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Do you build up your youth to be leaders? 

I have always known that the ideal in youth ministry is to identify youth that have potential to be leaders, then to work with them, mentoring them so they can become leaders, not only in youth group, but also in the church.


But… in practice, I and other youth leaders that I work with, often do all the leading ourselves. It is less complicated, isn’t as messy, and takes less time. In the rush of our week, with work, family and other obligations, who has time to involve the youth in actually leading youth group on a Wednesday night. It is just easier to do it yourself.


However, I am convinced that this is one of the reasons young adults are leaving the church after high school. We have made them consumers, they come to youth group and take what we have to offer, but they do not have a stake in youth group or the church. So when youth group is over after high school, so is their interest in church. I know this is a very simplistic version of why young adults are leaving the church, and there are many other reasons, but I am convinced this is a major factor.


In my previous blog I talked about our Classis’ fall retreat for youth. The day before that retreat at Muskoka Woods, 32 youth and 8 leaders attended a day of leadership training for our youth. This is the second year we have done this and it has been hugely successful. One of the reasons it does succeed, is because when we send 5 youth from our church, they have to have a leader go with them. This leader had a day of training 2 weeks previously and was prepared for the day. This leader also had to commit to working with these 5 youth for the next year, building them up in their leadership skills. So far these 5 youth are excited to be part of the leadership team for youth group this year. They meet with the adult leaders to plan the year, help lead small groups, and are in charge of some of the youth group evenings.


A few weeks ago I heard Craig Groeschel speak at the Willow Creek leadership summit. He said, “Do not delegate tasks to youth, which creates followers, bur delegate authority, which creates leaders. “ When you delegate authority, you define the goal for the youth, but not the means to achieve the goal.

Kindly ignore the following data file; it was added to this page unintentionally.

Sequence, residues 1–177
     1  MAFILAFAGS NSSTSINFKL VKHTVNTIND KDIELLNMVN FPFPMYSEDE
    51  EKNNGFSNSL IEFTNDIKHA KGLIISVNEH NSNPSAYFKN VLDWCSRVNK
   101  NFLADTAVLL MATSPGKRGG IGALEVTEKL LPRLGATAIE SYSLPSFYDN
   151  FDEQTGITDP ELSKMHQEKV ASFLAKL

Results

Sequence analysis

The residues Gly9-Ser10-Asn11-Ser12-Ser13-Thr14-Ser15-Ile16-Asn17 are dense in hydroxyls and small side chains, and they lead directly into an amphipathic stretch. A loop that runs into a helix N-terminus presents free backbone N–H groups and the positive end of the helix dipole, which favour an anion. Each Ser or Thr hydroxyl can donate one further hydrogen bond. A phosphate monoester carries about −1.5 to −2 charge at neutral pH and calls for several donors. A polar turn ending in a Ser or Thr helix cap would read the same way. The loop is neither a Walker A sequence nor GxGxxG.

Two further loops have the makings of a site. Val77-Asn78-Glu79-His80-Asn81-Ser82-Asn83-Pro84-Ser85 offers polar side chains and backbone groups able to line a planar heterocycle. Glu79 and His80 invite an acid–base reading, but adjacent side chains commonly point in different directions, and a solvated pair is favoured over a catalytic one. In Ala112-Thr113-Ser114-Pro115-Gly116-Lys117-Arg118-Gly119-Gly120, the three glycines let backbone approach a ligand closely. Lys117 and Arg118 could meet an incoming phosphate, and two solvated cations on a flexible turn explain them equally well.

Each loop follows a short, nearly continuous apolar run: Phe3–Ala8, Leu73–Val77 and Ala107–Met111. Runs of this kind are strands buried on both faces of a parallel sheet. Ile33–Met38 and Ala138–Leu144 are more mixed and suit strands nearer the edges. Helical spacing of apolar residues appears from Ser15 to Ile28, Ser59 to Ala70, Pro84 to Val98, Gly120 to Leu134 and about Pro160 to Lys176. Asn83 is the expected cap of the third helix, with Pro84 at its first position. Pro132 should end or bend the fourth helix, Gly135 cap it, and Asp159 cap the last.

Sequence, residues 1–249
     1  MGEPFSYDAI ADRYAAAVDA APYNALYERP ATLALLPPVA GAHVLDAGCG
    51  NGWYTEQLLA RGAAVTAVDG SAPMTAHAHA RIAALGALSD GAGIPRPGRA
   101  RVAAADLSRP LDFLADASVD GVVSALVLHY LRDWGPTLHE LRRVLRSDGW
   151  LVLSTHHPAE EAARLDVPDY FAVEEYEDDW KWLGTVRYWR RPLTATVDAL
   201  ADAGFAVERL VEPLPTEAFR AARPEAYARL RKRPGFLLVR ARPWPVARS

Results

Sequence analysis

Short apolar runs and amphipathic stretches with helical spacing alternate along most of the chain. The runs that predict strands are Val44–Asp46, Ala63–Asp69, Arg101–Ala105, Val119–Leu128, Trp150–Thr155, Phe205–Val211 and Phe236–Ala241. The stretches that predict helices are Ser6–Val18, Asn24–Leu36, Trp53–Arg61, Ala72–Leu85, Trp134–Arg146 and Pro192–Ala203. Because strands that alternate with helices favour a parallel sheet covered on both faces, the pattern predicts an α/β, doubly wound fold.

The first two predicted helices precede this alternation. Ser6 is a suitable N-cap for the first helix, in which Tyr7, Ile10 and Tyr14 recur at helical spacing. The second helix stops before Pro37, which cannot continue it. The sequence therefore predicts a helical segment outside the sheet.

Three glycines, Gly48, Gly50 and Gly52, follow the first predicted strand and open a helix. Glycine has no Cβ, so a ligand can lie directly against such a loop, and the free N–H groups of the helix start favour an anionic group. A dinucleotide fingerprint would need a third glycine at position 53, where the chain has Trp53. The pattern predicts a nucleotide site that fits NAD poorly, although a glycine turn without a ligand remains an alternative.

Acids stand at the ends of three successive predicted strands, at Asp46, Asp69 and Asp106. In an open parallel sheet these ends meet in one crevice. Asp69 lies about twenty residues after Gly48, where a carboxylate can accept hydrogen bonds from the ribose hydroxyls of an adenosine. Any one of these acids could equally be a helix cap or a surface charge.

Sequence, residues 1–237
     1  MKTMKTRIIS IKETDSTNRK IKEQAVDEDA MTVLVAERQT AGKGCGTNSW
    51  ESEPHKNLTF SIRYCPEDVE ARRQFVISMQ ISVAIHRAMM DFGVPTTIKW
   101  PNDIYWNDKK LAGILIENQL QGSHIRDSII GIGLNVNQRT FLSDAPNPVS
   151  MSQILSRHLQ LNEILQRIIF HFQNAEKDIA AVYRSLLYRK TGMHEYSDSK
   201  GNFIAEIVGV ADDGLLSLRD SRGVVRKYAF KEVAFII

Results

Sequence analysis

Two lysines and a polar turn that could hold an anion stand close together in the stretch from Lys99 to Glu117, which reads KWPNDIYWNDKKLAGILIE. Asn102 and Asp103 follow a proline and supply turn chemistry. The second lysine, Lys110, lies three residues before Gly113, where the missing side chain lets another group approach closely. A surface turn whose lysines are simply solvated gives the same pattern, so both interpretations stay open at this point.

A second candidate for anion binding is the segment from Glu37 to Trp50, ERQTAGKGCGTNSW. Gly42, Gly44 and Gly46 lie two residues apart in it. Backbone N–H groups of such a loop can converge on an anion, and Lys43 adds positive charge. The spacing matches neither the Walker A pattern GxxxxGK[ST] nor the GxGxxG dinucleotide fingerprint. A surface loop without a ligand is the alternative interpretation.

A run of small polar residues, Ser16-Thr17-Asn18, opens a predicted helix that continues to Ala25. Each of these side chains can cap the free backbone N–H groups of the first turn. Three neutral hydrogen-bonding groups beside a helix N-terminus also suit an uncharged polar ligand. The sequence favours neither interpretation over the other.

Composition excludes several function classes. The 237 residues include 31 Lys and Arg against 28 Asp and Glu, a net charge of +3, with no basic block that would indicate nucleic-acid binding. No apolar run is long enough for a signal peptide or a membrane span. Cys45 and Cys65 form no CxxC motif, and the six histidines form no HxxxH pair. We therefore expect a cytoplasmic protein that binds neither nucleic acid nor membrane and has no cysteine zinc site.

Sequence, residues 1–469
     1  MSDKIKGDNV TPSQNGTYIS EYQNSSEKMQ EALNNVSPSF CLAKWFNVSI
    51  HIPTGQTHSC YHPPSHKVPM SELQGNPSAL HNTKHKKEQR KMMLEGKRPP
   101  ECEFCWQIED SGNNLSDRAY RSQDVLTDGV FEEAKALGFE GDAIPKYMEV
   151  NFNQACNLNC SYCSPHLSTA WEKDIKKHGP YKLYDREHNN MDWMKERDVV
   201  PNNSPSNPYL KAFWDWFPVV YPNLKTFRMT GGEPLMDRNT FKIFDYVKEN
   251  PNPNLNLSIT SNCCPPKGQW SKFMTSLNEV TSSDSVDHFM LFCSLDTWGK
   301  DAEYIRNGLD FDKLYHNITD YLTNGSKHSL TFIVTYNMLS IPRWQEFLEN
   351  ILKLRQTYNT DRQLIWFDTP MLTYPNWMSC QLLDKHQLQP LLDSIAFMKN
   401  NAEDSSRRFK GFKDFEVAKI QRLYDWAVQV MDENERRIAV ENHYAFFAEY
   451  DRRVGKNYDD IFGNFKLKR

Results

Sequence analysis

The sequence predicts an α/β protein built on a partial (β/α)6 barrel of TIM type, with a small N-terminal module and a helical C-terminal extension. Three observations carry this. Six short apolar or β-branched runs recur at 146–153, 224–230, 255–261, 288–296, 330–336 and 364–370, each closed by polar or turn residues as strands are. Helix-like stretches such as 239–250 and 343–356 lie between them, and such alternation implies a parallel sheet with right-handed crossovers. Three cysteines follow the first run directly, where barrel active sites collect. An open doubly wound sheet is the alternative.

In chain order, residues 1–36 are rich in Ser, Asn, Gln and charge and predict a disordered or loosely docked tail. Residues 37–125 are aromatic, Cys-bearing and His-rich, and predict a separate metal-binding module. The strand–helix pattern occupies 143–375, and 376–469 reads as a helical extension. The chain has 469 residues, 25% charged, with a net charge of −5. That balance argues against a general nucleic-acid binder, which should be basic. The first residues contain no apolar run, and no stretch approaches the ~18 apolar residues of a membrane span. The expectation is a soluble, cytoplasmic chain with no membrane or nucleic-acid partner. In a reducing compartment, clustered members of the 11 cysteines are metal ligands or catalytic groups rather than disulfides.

So lets spend the time and energy to develop youth that are leaders, not just followers.

  • Are you building up leaders in your groups?
  • What ways have you seen those leaders excel?


Ray, youth can certainly be leaders, with or without our help.   The question is, how will they be good leaders rather than bad leaders?    While giving them authority is necessary, giving them wisdom is even more important.   Helping them to understand how to make decisions that are pleasing to God, rather than decisions and plans that are just pleasing to people, is a good place to start.   Without that focus, it won't matter whether they are leaders or not.   Without that focus, they will simply lead others down the path to perdition, instead of to the glory of God. 

Jack Tacoma on January 2, 2013

In reply to by anonymous_stub (not verified)

This is great topic  Ray.  The photo with the post shows a welcome sign at the entrance to a dining hall. It reads something like: “Youth Leaders: meet your mentor”. Mentoring builds youth leadership better than almost anything else. It encourages leadership development and maturity. Having been a youth leader, I can clearly and with much fondness remember each one of the adults that took time to coach and mentor me.  God’s desire for good leadership in me may have been crushed without their wise and loving presence.  What a great vision of Christian community-based leadership: wisdom of the mature working with the ideals and energy of the youth.

I am not sure that I agree with John’s implication that youth (more than older leaders) will try to please people more than please God.  My own observation over many years in leadership is that older leaders get this one wrong more than youth do.

Jack, I actually agree with you.  I was not comparing youth to older leaders so much as emphasizing that authority without wisdom will lead to problems.   And yes, I agree that older leaders are also often "people pleasers" rather than "Christ followers".  I am thinking that older leaders were once young, and if they did not learn wisdom earlier, they often do not gain it later.   I think most of our problems with leadership is that we often assume that they can obtain wisdom after they obtain authority.   Sometimes that happens.   But it is better if they learn Godly wisdom first.  

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